The Chinese government ordered Ant Group to break off its loans businesses from subsidiary Alipay.
China’s government has stepped up its control over Big Tech to rein in monopolistic behavior.
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The Chinese government reportedly ordered Ant Group to break off its loans businesses-including short-term loan product Jiebei and virtual credit card Huabei- from subsidiary Alipay, per the Financial Times.

The government wants to make the loans business its own app. Alipay will also need to turn over customer information used to underwrite loans to a credit-scoring joint venture shared with state-owned companies to help bring more transparency to Alipay’s business.

To mitigate a rise of household debt, China’s central bank pushed Alipay in April to break up its loan business from the back end-or as the government described it, to cut “improper linkages” between financial services and payments. Now, the government wants to create a sharper divide between Alipay and its loan businesses.

In the last year, the Chinese government has stepped up its control over Big Tech to rein in what it considers to be monopolistic behavior.

In November, Alibaba’s IPO-slated to raise more than $34 billion-was suspended by authorities, which may have been a direct result of heightened antitrust scrutiny.
The next month, Chinese finance regulators created a five-point compliance agenda for Ant Group. It included reverting the firm’s focus to payments and making transactions more transparent, which is what may be taking place now. This could hurt Alipay’s market share, which stood at 55% of China’s mobile payments as of Q1 2020, per iResearch.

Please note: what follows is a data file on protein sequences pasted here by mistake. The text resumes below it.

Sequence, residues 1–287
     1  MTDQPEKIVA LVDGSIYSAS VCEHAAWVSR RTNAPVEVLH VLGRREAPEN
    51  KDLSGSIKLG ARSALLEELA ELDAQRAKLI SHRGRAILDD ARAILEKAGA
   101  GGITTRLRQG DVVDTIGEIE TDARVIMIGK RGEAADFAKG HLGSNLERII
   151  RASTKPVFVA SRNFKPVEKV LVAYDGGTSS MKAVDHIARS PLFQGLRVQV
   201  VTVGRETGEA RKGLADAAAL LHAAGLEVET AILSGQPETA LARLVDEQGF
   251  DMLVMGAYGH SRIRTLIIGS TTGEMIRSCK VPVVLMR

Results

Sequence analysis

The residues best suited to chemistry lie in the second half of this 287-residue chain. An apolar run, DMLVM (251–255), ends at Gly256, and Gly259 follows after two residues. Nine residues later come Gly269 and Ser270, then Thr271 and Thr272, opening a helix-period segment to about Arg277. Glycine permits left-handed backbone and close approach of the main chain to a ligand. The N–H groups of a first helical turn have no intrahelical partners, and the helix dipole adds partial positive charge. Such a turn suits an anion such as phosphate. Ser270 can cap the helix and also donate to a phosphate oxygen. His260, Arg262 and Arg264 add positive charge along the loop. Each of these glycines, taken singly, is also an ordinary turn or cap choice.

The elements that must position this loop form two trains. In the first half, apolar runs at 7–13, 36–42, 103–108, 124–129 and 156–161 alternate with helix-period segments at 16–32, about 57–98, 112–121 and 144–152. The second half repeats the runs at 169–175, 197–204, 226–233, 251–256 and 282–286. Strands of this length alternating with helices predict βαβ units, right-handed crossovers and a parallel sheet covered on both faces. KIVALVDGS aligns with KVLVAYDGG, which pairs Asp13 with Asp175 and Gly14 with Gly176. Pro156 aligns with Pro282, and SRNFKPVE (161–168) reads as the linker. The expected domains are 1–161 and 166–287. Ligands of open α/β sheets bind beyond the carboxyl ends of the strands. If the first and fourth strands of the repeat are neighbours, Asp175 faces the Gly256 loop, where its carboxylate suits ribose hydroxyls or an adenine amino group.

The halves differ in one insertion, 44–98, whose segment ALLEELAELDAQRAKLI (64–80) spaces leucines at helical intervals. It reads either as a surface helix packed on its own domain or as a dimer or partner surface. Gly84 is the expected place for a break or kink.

In April, the Chinese government slapped Alibaba with a $2.75 billion fine, the culmination of mounting regulatory scrutiny and a monthslong investigation into the conglomerate’s business.

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Alipay’s online credit offering is its biggest business by revenues, with an estimated consumer lending balance of $260 billion as of June, per Reuters-and spinning these solutions into a separate app might hinder the firm’s growth.

Alipay may have benefited from promoting and offering its online credit solutions to its more than 1 billion app users. Offering them as a standalone app-and sharing key data that powers the business with the state-could hinder Alipay’s product discovery and hamper cross-selling opportunities, potentially increasing business for competitors.

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